Yarde Metals, a U.S. company that makes metal products, urges its employees to take sleeping breaks—and reaps the benefits in better morale and higher productivity. Even in faster-than-thou Manhattan, bond dealers and corporate lawyers are queuing up for 20-minute naps in specially designed "pods" in the Empire State Building. And in Spain, where people no longer have time to go home at midday for a boozy lunch followed by a long sleep, workers are filing into modern "siesta salons" for a short backrub and 40 winks.
At one such salon in Barcelona, I met the manager of a business supplies company after her daily nap.
"By the early afternoon I start to flag," she said, smoothing out a crease in her blouse. "A short siesta is the perfect way to recharge my batteries."
Another way is to switch off the technology from time to time. Hewlett-Packard, which makes its money selling high-tech gadgets, recently warned that keeping cell phones and BlackBerry devices turned on around the clock leads to burnout and data overload.
That's why companies, even in very fast industries, are starting to put speed limits on the information superhighway. Software maker Veritas and others have introduced e-mail-free days. Ernst & Young encourages its employees not to check work messages over the weekend. A senior manager at IBM now signs off every e-mail with the following rallying cry: "Read your mail just twice each day. Recapture your life's time and relearn to dream. Join the slow e-mail movement!" And that's at IBM, not an aromatherapy cooperative.
In a similar vein, Orange, one of the leading cell phone networks in Britain, is running an advertising campaign with the message that good things happen when your phone is turned off. You make new friends. You find romance. You bond with your children. You smell the roses.
The Orange campaign is a vivid reminder that slowing down pays dividends beyond the workplace, too.
Turning the Tables: The Art of Good Living
Among the downshifts from the rush these days, many people are taking a less hurried approach to food and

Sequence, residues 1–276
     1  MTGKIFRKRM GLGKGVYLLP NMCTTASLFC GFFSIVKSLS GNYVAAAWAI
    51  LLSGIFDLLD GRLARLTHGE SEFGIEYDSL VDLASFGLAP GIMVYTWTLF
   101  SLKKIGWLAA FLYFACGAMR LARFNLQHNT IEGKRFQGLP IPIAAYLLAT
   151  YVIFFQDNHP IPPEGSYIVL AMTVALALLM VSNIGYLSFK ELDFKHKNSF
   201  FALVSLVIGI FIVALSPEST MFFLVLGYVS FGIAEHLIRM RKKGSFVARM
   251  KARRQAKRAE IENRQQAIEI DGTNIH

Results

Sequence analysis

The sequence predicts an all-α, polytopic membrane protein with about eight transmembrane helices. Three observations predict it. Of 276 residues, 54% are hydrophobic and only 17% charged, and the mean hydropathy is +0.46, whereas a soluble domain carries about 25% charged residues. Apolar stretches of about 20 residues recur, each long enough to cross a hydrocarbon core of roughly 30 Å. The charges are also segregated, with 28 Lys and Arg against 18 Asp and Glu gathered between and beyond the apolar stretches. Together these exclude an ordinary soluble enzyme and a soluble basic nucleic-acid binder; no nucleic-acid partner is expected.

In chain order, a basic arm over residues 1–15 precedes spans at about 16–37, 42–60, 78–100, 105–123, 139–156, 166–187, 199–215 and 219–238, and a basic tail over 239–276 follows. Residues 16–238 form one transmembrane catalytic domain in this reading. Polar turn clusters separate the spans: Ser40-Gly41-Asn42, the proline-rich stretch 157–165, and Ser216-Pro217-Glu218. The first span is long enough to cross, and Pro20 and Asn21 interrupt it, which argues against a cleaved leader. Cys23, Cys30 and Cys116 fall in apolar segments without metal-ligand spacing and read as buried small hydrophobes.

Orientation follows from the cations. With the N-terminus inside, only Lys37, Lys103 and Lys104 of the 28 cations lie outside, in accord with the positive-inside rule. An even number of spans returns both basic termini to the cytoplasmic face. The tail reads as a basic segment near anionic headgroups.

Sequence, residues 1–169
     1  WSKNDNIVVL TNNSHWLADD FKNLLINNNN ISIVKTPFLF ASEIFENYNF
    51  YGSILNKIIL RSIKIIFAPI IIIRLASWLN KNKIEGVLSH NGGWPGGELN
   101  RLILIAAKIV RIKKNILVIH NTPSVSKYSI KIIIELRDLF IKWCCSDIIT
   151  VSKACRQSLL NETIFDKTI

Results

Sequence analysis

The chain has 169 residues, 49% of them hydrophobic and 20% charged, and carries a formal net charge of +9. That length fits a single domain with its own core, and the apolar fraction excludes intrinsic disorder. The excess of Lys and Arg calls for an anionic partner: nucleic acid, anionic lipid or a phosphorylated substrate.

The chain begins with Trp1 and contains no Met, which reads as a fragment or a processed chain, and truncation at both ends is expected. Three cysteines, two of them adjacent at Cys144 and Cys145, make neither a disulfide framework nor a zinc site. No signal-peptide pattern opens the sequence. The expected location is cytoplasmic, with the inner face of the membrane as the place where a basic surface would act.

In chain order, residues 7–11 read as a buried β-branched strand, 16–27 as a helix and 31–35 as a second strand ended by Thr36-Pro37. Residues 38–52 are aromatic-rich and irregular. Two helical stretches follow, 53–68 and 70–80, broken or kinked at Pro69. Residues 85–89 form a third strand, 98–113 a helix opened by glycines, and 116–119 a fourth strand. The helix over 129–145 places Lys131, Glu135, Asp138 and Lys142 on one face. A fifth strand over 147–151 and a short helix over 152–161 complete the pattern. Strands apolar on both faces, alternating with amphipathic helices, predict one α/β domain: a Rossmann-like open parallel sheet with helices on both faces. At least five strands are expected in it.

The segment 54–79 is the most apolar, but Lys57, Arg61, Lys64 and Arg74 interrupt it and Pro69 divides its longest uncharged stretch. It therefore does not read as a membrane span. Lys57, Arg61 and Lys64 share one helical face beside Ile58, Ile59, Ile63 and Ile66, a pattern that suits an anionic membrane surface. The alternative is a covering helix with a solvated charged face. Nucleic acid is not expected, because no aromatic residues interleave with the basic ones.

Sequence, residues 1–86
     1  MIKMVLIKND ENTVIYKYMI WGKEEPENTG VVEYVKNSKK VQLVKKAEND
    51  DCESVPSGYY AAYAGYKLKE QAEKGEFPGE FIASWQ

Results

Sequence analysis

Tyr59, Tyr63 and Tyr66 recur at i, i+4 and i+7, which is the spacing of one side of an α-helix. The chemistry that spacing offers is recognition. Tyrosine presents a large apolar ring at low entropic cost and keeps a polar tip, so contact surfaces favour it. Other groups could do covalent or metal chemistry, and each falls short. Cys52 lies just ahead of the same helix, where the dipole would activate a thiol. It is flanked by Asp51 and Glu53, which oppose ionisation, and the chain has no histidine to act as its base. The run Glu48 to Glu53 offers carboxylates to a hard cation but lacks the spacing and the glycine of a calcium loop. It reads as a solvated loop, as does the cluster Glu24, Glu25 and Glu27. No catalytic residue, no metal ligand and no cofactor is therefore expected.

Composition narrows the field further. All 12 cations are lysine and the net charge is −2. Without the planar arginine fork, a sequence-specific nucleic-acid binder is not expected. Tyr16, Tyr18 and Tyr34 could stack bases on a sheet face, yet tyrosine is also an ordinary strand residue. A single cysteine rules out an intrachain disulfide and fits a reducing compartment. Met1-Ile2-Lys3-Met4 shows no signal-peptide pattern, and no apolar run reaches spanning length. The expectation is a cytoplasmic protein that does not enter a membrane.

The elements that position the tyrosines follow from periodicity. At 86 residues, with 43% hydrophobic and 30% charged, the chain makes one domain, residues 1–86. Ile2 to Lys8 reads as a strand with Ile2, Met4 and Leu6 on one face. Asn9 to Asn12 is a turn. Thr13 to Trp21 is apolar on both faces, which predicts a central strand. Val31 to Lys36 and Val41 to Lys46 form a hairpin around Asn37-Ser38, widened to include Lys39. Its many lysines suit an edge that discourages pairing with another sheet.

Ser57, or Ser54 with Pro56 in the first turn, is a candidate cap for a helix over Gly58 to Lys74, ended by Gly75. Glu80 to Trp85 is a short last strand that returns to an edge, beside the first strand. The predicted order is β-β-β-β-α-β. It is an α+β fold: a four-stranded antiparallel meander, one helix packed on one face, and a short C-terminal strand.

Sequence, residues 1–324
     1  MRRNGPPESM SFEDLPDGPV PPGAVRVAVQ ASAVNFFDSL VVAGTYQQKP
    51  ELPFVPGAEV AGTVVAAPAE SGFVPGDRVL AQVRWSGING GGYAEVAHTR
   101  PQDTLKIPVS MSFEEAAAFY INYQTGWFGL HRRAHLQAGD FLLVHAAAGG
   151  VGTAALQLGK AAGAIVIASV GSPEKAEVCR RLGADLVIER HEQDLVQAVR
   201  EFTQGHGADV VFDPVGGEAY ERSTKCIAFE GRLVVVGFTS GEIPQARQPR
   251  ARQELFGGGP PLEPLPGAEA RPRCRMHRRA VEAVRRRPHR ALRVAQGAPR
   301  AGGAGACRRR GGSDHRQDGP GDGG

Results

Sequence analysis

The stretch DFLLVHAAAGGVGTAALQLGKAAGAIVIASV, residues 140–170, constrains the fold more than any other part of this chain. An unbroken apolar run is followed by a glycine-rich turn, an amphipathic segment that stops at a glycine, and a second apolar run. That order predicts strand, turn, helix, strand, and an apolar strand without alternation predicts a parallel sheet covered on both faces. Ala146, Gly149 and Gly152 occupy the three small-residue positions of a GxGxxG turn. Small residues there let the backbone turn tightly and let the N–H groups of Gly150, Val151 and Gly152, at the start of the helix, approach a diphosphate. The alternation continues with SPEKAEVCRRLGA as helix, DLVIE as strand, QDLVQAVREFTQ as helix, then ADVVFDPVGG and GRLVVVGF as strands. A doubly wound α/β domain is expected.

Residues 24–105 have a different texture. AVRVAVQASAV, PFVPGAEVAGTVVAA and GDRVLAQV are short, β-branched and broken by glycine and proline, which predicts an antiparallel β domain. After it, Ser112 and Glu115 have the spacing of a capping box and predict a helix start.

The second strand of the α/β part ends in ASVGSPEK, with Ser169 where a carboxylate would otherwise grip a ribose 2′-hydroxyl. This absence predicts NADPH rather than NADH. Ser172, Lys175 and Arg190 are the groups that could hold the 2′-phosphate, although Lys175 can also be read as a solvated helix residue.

eating better as a result. Look at the rise of farmers' markets and cooking classes, or the renaissance of handmade bread, cheese and beer. The Italian-based Slow Food movement, which stands for everything fast food does not, now has 80,000 members in 100 countries. Even in the United States, home of the drive-through restaurant and all-in-one breakfast bar, more and more people are reconnecting with the slower pleasures of the table. In Minneapolis the mayor is spearheading a campaign to encourage families to eat dinner together four times a week.
Slowing down can also work wonders on the romance front. We all laughed when the pop star Sting raved about romping Tantric-style for hours on end, but now couples all over the world are flocking to workshops to learn the art of unhurried lovemaking. Since returning from one such retreat in upstate New York, a lawyer friend of mine finds his married life is better than ever. "Instead of just doing it to keep up the batting average, my wife and I take our time over sex now and the result is a lot more physical pleasure and a lot more emotional connection," he said.
Wherever you look, the slow revolution is gaining ground. Millions of people are retuning their bodies and minds with slower exercise (think yoga, tai chi and SuperSlow weight lifting) and slower forms of medicine (think Reiki, acupuncture and herbalism).
Slowness is even leaving its mark on urban planning. A Slow Cities movement is now spreading across Europe. The 30-plus member towns curb traffic, make more space for walking and cycling, and promote slow food. Their stated aim is to rediscover the lost art of good living.
In North America, planners inspired by the New Urbanism movement are building walkable neighborhoods that put people before cars and foster community spirit. "You live better when your neighborhood allows you to slow down and connect with other people," said one resident of Kentlands, a New Urbanist suburb in Maryland.
Inevitably, decelerating in one walk of life often turns out to be the thin end of the wedge. A CEO I know decided to slow down his company, which makes ventilation systems for buildings, after discovering the joys of slower lovemaking. Instead of dashing to fill every order as quickly as possible, his staff now take their time. The result: Product standards are up and work is pouring in. "It's like the old story of the tortoise and the hare," he said. "We're beating our rivals by taking the slow approach."
Promoting Daydreams: Slow Down to the Future
In the same spirit, parents are rebelling against the trend for hot-housing children. Overscheduled and overworked, many kids today suffer from anxiety and even burnout. Living in fast-forward is inimical to childhood. Drifting around, exploring the world at their own pace, even getting bored, teaches kids how to think creatively and how to get along with others. Children, just like adults—or even more so—need time to relax and recharge.
With the help of groups like Putting Families First, many American parents are cutting back on extracurricular activities—which, of course, helps moms and dads slow down, too. Around the United States, a growing number of towns, from Ridgewood, New Jersey, to Plymouth, Minnesota, now hold slow-down days when teachers assign no homework, after-school clubs are cancelled and parents come home early for a family dinner. "Spending a relaxed day together as a family made us appreciate what we were missing out on by being so rushed and busy all the time," said one father of three in Ridgewood. "We've cut back on the extracurriculars to spend more time just hanging out together and it's great."